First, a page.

* My Crain’s Chicago Business column…
The Democratic Party in Illinois is dominated by powerful, entrenched politicians with huge egos who don’t really care much about each other.
It’s not that they necessarily go out of their way to hurt one another, mind you. It’s that they don’t do more than is absolutely necessary to help each other. Yet a recent summit is a sign the Democrats want to change.
Despite their long tenures, Illinois House Speaker Michael Madigan and U.S. Sen. Dick Durbin don’t work together very well. Mr. Durbin was elected to the Senate in 1996 after serving in the U.S. House for 14 years.
Over the years Mr. Durbin has unofficially assumed several of the duties normally held by the state party chairman, a post held since 1998 by Mr. Madigan.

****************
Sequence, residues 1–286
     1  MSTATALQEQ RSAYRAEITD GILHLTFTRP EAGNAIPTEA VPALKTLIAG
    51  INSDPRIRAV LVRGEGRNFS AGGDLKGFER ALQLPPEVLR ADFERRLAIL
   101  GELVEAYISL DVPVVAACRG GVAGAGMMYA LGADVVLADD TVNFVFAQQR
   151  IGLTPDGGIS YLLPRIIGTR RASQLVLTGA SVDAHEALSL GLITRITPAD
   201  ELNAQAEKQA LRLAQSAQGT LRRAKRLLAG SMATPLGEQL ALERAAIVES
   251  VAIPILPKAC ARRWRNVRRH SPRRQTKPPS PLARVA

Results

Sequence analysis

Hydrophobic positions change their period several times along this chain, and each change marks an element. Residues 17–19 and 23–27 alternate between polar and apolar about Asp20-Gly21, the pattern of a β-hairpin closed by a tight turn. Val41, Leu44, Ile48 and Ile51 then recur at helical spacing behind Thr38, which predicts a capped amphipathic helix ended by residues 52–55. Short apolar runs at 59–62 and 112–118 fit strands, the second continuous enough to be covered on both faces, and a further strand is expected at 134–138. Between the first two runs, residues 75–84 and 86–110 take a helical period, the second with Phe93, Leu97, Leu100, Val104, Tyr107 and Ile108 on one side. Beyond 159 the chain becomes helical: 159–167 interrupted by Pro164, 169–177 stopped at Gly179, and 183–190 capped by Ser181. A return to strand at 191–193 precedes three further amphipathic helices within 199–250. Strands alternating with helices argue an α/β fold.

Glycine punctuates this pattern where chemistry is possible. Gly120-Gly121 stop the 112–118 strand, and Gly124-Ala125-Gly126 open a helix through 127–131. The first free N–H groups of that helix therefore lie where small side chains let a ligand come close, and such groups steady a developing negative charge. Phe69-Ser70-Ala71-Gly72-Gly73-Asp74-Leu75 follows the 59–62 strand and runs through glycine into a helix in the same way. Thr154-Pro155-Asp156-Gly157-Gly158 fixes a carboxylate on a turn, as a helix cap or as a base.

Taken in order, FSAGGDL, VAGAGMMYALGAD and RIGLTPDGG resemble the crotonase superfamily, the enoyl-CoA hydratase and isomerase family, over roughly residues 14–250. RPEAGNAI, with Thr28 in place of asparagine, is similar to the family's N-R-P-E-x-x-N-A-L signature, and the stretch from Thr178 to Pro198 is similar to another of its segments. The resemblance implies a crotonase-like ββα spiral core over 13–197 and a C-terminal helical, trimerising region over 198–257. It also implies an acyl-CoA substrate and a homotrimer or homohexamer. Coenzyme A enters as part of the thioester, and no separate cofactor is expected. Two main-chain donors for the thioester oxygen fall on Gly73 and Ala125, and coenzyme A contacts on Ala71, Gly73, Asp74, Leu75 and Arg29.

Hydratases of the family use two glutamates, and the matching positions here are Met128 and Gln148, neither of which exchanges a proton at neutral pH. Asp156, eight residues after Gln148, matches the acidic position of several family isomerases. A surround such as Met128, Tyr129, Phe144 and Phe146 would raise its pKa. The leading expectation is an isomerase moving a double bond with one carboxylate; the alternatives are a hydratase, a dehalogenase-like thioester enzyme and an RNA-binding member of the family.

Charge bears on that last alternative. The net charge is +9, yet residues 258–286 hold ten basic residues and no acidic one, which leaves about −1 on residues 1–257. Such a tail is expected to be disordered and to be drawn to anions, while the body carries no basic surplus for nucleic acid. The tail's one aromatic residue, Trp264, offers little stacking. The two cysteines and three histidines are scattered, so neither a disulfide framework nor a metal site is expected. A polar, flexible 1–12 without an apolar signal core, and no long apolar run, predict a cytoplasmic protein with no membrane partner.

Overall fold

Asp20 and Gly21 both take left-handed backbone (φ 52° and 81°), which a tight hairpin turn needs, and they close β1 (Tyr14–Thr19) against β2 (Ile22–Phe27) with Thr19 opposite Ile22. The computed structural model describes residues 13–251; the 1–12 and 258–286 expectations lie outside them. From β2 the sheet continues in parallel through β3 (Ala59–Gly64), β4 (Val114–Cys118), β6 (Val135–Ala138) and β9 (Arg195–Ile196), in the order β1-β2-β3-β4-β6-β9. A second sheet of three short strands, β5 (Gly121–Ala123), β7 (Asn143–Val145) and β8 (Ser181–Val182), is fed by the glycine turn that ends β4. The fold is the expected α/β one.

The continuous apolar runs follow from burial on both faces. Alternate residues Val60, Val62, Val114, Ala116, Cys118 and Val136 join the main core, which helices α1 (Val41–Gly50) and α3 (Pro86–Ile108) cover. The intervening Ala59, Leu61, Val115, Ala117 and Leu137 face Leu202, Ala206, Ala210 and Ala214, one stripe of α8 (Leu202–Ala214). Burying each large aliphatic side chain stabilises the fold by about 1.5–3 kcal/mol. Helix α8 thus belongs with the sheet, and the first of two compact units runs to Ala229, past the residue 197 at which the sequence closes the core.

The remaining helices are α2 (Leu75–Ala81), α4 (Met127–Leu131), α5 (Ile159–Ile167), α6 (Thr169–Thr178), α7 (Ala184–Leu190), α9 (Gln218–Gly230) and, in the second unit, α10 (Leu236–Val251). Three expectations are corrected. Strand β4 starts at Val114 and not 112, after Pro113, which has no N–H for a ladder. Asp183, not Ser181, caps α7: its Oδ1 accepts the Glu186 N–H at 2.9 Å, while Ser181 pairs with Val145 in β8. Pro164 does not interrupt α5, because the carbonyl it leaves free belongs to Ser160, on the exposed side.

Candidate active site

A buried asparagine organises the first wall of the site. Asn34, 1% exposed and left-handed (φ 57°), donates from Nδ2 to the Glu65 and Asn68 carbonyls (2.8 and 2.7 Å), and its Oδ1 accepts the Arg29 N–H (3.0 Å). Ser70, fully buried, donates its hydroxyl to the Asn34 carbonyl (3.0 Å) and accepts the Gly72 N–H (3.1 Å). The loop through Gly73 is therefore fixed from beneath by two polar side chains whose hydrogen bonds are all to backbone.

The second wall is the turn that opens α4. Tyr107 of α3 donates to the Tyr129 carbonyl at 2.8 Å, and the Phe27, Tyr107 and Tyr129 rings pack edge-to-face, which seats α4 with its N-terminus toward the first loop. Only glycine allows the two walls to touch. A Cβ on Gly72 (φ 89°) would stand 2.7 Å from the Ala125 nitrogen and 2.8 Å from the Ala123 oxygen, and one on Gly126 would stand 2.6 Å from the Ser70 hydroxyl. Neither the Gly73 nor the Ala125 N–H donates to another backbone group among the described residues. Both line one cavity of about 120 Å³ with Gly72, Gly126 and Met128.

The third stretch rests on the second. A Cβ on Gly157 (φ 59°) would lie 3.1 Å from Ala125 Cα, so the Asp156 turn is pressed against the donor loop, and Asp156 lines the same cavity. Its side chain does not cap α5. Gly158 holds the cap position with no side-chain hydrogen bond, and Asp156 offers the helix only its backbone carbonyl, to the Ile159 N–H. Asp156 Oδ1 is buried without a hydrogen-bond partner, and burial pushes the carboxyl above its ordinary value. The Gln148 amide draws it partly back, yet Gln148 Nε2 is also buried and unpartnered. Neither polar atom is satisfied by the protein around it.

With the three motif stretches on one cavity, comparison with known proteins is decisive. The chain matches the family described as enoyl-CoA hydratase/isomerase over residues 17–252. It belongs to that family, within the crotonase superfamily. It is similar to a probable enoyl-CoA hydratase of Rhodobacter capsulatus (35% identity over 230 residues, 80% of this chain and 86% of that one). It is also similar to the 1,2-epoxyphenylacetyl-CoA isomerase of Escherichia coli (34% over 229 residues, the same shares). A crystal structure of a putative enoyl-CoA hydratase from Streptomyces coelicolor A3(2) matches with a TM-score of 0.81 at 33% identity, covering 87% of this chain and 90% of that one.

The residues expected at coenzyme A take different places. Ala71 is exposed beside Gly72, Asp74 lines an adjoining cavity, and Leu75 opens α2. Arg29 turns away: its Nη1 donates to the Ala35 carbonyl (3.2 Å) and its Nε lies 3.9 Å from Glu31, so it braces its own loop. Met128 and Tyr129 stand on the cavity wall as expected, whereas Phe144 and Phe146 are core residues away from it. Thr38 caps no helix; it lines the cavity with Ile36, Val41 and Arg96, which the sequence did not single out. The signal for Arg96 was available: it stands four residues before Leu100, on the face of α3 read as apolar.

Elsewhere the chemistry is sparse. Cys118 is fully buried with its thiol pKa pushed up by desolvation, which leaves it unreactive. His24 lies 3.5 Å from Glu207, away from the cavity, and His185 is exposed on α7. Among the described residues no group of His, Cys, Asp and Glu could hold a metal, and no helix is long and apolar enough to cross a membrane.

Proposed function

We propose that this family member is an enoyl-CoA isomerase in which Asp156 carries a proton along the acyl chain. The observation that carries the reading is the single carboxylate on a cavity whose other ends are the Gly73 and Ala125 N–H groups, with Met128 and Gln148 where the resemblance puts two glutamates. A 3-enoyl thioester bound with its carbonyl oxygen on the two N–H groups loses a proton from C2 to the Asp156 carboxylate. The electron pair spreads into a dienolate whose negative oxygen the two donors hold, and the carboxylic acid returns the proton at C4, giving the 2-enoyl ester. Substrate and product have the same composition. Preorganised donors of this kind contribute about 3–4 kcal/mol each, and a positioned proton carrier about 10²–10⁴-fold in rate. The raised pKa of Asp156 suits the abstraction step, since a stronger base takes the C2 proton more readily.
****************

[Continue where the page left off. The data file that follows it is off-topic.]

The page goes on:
Although Mr. Madigan has focused on his House candidates to the exclusion of everyone and everything else, he doesn’t often care for the way Mr. Durbin has usurped his role.
Gov. Pat Quinn, who is up for re-election, is a longtime political outsider. He lacks the clout of Messrs. Durbin and Madigan and operates mostly in his own domain, although he often has helped lower-tiered candidates.
The same go-it-alone approach applies to organized labor. The trade unions never have loved the public employees unions, and government workers are still furious at Mr. Quinn, Mr. Madigan and Illinois Senate President John Cullerton over the pension overhaul law passed in December.
The American Federation of State, County and Municipal Employees hasn’t given any money to Mr. Madigan’s campaign committees in years.
But something happened this year that has changed everything.
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